The main event we followed in November was the Italian Armed Forces day which resulted in a series of articles. We published some stunning pictures of the helicopters leaving the Circus Maximus with the background provided by the Ancient Rome.
December was dedicated to the in-depth study of the whole year, that produced this photostory and to prepare the downloadable calendar. Throughout the whole year, I followed with particular interest the latest develpments of the JSF (Joint Strike Fighter) F-35 Lightning II, the fifth generation aircraft that Italy plans to acquire in 109 examples (69 conventional take-off and landing F-35As and 40 short take-off and vertical landing F-35Bs) for both the Aeronautica Militare and the Marina Militare. I also created two brand new pages dedicated to the Naval Aviation and the Information Security, while improving the existing ones.
Obviously, this was just a quick look to the year 2009 through my articles and pictures published on this site. To read what’s behind each image (and to see much more pictures) the best way is to go to the “Archive of the previous month” menu on the right hand coloumn and, by selecting desired month, to access all the posts written in that month. Otherwise, you may also use the search box located on top of the right hand coloumn.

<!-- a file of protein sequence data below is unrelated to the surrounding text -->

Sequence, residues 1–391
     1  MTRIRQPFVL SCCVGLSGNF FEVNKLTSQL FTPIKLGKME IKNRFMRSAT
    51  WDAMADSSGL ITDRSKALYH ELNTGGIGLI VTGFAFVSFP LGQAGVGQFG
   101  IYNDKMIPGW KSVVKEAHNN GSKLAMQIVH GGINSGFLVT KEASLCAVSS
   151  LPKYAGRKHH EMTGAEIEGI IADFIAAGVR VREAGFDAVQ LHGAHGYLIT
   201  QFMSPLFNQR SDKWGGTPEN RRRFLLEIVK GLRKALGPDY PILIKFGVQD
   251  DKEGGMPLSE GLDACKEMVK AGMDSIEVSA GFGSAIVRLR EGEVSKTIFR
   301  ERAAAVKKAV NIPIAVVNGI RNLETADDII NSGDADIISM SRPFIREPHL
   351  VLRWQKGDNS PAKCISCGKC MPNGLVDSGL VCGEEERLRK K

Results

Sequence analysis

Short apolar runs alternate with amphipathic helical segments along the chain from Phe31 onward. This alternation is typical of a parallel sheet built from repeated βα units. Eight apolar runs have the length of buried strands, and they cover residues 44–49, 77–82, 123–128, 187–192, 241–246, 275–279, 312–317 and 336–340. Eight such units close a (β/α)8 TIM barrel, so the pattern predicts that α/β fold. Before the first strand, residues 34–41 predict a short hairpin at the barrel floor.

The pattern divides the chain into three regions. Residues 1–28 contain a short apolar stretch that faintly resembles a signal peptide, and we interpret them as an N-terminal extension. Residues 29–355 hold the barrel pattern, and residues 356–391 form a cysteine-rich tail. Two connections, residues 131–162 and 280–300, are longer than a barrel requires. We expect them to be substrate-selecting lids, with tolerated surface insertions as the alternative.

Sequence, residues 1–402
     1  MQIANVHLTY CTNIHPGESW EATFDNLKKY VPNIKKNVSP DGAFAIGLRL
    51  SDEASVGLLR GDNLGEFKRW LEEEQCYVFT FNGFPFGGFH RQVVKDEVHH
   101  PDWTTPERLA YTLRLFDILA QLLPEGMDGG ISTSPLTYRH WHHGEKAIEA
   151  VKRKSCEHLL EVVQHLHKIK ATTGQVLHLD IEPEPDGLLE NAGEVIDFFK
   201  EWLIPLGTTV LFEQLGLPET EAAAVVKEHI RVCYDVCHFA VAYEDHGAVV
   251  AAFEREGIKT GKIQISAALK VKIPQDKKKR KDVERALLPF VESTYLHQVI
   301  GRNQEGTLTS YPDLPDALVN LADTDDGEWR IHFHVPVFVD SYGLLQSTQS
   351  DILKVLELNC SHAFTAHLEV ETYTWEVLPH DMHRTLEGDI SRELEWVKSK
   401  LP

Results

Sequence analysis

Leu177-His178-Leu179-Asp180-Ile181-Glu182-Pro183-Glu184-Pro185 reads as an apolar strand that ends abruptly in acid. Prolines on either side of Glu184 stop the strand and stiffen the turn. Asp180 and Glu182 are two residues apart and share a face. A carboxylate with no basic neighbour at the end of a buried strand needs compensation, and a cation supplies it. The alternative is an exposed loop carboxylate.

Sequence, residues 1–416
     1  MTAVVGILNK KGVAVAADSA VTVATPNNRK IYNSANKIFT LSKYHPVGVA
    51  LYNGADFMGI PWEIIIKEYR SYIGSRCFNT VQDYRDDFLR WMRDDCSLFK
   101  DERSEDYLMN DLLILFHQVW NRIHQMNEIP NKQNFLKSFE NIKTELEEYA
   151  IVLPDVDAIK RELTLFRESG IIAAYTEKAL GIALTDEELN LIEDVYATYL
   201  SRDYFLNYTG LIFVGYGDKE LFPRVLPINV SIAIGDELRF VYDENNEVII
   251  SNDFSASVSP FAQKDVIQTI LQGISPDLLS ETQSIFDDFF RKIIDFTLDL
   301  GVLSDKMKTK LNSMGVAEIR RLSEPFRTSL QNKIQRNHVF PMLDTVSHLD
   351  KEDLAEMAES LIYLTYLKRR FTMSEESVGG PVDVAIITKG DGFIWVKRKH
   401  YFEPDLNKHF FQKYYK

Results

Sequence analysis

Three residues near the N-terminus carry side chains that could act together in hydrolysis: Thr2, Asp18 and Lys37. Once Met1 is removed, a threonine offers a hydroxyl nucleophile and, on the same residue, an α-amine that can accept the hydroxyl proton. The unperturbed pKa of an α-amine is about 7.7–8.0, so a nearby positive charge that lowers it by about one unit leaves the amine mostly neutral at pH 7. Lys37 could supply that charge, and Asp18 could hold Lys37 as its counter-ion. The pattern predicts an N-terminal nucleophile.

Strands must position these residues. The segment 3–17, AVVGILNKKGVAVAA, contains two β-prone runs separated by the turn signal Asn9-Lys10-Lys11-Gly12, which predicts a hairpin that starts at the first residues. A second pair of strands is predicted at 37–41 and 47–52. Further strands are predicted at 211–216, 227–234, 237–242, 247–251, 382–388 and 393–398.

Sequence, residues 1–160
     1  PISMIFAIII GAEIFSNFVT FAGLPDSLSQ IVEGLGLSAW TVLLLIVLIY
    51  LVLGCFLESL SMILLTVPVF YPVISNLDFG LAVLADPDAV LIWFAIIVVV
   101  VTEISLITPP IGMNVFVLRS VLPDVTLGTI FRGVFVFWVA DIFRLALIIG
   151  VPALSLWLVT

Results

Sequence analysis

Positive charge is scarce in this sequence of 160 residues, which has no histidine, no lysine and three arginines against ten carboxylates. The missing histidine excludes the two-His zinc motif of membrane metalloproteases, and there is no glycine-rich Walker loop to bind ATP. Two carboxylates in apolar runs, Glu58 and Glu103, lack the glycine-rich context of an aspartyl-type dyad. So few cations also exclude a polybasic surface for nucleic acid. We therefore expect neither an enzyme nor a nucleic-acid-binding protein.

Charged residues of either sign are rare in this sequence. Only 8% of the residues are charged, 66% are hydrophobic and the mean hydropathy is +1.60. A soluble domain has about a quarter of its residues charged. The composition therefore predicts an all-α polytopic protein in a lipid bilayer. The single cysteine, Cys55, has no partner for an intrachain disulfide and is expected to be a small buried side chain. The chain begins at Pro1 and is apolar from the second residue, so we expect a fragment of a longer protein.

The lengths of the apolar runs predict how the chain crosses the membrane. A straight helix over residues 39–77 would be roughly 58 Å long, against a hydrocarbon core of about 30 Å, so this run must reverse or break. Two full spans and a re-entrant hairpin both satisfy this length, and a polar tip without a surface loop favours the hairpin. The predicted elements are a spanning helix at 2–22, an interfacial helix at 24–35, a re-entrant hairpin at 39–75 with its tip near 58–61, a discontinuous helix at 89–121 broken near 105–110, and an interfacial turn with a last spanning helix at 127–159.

About David Cenciotti 3689 Articles
David Cenciotti is a freelance journalist based in Rome, Italy. He is the Founder and Editor of “The Aviationist”, one of the world’s most famous and read military aviation blogs. Since 1996, he has written for major worldwide magazines, including Air Forces Monthly, Combat Aircraft, and many others, covering aviation, defense, war, industry, intelligence, crime and cyberwar. He has reported from the U.S., Europe, Australia and Syria, and flown several combat planes with different air forces. He is a former 2nd Lt. of the Italian Air Force, a private pilot and a graduate in Computer Engineering. He has written four books.